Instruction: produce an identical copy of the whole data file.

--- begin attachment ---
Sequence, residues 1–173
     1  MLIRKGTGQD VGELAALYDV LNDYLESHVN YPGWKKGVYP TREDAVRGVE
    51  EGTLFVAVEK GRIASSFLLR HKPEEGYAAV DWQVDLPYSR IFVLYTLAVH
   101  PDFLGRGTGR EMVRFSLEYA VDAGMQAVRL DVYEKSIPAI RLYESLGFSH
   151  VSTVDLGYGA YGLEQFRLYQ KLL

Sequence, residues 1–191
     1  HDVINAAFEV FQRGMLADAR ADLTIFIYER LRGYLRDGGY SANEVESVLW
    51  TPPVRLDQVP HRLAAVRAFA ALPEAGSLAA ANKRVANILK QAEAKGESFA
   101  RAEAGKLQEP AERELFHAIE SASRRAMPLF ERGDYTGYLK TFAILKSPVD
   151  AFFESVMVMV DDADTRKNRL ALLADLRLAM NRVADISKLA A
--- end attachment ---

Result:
Sequence, residues 1–173
     1  MLIRKGTGQD VGELAALYDV LNDYLESHVN YPGWKKGVYP TREDAVRGVE
    51  EGTLFVAVEK GRIASSFLLR HKPEEGYAAV DWQVDLPYSR IFVLYTLAVH
   101  PDFLGRGTGR EMVRFSLEYA VDAGMQAVRL DVYEKSIPAI RLYESLGFSH
   151  VSTVDLGYGA YGLEQFRLYQ KLL

Sequence, residues 1–191
     1  HDVINAAFEV FQRGMLADAR ADLTIFIYER LRGYLRDGGY SANEVESVLW
    51  TPPVRLDQVP HRLAAVRAFA ALPEAGSLAA ANKRVANILK QAEAKGESFA
   101  RAEAGKLQEP AERELFHAIE SASRRAMPLF ERGDYTGYLK TFAILKSPVD
   151  AFFESVMVMV DDADTRKNRL ALLADLRLAM NRVADISKLA A